Data Gets a Makeover
By Stephanie South, Program Associate, AASCU
Whether you are doing it to help your students better grasp course material or telling the story of a project’s impact in your community, chances are you’re using data to convey information.
Understanding this, as well as the fact that data by itself can often be difficult to comprehend and unappealing to digest, we attended a webinar this fall regarding data visualization. Data visualization is a way to make all those facts and figures a bit sexier and perfectly packaged to persuade.
Presented by the Knight Digital Media Center, Lisa Williams’ webinar (she’s the founder and CEO of Placeblogger) was entitled, “Diving Into Data: A State-of-the-Art Tour in Civic Data Visualization.”
While Williams’ presentation did in fact make a case for the use of data visualization, its real worth was found in the myths it debunked and the inspiration and resources it provided.
For those of you who may not be aware of what we mean by “data visualization,” the Sunlight Foundation’s Tumblr offers both excellent examples and inspiration.
Before further pursuing this blog entry and perusing the resources offered in this webinar, it is important to remember that the following things are not true:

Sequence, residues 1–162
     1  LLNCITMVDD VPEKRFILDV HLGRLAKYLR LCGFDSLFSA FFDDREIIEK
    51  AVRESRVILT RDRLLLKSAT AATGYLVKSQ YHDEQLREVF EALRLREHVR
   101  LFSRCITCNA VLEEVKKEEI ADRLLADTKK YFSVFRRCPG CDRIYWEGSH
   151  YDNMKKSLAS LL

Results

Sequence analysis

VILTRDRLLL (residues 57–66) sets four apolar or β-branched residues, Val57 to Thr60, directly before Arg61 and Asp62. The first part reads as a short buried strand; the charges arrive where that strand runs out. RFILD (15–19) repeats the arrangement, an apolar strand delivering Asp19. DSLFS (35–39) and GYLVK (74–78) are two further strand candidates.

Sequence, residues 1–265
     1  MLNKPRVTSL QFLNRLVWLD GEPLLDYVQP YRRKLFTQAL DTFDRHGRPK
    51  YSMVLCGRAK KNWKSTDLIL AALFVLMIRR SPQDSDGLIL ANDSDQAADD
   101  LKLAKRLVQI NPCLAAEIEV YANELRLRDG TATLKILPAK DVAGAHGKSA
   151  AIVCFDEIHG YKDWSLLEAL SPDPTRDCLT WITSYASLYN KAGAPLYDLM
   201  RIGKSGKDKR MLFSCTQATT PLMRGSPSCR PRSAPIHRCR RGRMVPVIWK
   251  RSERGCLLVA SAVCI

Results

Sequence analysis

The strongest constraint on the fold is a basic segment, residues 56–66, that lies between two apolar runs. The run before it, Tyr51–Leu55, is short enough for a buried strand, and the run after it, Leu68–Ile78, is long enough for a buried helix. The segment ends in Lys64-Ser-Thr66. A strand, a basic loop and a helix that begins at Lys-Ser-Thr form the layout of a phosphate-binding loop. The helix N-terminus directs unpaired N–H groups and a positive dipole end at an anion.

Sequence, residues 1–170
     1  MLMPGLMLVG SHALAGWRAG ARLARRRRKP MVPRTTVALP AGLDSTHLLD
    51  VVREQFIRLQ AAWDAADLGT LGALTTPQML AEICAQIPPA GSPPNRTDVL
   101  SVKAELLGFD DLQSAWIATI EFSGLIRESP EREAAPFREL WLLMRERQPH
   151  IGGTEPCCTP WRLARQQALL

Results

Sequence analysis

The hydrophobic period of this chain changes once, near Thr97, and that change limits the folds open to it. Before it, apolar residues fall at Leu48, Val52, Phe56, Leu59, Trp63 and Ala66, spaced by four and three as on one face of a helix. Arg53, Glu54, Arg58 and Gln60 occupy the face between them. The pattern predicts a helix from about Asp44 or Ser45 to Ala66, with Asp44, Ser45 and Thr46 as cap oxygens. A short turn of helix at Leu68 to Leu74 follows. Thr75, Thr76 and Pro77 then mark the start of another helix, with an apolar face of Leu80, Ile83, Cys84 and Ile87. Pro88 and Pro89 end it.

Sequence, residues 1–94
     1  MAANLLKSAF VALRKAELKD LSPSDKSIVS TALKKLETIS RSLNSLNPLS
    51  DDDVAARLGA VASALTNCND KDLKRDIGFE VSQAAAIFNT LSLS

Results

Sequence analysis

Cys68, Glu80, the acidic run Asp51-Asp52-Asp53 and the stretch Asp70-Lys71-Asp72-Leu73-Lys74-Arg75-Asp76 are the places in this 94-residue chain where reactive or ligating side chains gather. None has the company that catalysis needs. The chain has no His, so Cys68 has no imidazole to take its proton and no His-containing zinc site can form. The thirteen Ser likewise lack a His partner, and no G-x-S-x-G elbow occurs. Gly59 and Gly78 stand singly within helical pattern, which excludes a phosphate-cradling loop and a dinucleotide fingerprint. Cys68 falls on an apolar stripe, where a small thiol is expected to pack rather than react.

- Data visualization is new.
- Regular people don’t want data.
- Data is boring.
- Data visualization is too hard for regular folks to learn.
Below you will find some resources referenced in the webinar, followed by a brief description. They are useful for finding data, visually representing information, and sharing that with others.
Find it. Datacatalog.org can help you locate a variety of information. The site aims to be the most comprehensive list of open data catalogs in the world. It is curated by a group of leading open data experts from around the world—including representatives from local, regional and national governments, international organizations such as the World Bank, and numerous NGOs. Faculty and students alike may find this useful for research.
Create it. Many eyes is a data visualization tool from IBM. The site allows users to upload data and then produce graphic representations for others to view and comment upon. Tableau Public allows a user create interactive graphs, dashboards, maps and tables from virtually any data and embed them on your website or blog in minutes
Share it. Buzz data is a place on the web to store and share important spreadsheets, other files, and artifacts like links and data visualizations in a way that makes them come alive. They offer a fresh way to communicate knowledge and insight, rather than just sharing files.
Interested in learning more? Visualize Thisis a practical guide on visualization and how to approach real-world data.